TeamViewer Device Management Software Added To BenQ’s Smart Displays
November 22, 2018 by Dave Haynes
Device management is pretty essential for digital signage networks of any scale – especially those with multiple, dispersed locations. It’s one thing to walk into an on-premise server closet and reboot a PC or router, but can be quite another to make that happen at a location in another state or country.
Many SMS platforms have their own built-in device management software applications, and even some solutions companies (notably Diversified, which has an amazing set of remote controls it uses).
But for solutions that don’t, third party applications like TeamViewer are (hopefully) used. Taiwan-based display company BenQ – which has not been an overly active player in digital signage – has announced a partnership with TeamViewer that will make its remote monitoring and control software available, pre-installed, on Android smart displays.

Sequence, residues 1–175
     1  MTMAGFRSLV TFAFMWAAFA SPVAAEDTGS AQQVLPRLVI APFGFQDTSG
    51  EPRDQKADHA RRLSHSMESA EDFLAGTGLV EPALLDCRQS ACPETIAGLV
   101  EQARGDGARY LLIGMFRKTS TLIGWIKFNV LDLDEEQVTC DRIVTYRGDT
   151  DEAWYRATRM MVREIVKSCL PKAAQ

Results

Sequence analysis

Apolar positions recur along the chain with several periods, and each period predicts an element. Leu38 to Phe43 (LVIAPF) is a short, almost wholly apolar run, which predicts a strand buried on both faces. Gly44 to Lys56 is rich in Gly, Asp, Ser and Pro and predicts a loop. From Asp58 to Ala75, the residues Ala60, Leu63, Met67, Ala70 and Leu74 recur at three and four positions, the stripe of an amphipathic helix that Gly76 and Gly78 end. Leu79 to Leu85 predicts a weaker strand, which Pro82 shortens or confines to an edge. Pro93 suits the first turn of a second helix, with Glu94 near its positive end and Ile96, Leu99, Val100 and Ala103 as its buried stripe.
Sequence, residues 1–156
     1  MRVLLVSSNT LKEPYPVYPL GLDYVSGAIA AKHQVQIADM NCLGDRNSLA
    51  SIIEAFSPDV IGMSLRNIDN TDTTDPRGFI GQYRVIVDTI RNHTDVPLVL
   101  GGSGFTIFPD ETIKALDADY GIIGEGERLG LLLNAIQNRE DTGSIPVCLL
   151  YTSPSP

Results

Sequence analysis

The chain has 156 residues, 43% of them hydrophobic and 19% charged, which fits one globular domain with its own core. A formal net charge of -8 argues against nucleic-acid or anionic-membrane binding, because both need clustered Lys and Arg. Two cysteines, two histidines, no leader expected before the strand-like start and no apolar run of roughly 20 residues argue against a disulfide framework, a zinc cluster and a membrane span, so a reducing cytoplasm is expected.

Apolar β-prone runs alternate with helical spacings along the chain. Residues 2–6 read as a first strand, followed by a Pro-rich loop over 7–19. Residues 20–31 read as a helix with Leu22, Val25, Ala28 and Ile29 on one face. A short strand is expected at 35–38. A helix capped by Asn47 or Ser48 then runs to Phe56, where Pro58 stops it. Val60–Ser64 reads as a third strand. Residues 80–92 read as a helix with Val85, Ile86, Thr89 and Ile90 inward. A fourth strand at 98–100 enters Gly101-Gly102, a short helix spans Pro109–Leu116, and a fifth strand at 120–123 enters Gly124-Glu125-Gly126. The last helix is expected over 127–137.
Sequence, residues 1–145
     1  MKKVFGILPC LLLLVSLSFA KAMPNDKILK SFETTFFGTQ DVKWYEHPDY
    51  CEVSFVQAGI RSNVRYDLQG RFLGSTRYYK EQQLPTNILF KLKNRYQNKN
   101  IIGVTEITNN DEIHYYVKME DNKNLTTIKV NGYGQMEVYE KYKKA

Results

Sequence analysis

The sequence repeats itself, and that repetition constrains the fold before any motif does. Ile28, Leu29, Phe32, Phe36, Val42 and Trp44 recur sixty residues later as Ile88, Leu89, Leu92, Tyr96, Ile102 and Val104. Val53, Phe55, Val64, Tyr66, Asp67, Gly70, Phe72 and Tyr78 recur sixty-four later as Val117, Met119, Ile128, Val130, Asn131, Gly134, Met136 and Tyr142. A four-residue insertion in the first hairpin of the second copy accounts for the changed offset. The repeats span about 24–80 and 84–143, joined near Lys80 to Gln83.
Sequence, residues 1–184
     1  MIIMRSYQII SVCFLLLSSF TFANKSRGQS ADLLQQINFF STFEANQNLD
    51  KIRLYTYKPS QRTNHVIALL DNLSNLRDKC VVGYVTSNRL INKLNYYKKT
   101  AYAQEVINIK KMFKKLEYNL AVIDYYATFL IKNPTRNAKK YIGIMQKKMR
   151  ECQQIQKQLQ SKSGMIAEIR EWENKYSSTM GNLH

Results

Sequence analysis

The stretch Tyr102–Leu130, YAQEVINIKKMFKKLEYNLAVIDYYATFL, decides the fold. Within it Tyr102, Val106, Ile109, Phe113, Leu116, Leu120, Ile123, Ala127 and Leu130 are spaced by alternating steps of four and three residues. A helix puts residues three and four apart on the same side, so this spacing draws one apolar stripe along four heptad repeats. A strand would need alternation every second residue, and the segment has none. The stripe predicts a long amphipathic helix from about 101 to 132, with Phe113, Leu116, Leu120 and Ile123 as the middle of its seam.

Says a press release:
BenQ’s line of digital signage will from now on come with TeamViewer’s QuickSupport agent for Android pre-installed, enabling the administrator to remotely access the functionality of the displays from his workstation anywhere, at any time.
Whether the displays are used for advertising messages, menus or signposts in restaurants or hotels, for special offers in retail, or as an information board in the corporate environment – with TeamViewer, admins get access to an easy-to-use solution for monitoring, control and support of BenQ displays from afar to swiftly resolve issues on the devices in a time and cost effective manner, saving them a trip to the physical machine.
This is smart and necessary. Device management is essential, unless a network has technical people available and happy to help revive cranky equipment. If there is no remote management available, and the people on site either don’t know how to help or don’t wan’t to, then a service tech has to go, which is $$$$$.
I THINK how this works is that the client software is free but end-users pay monthly subscription access from a desktop, with the fee based on the number of access accounts, not the number of end-points (ie screens).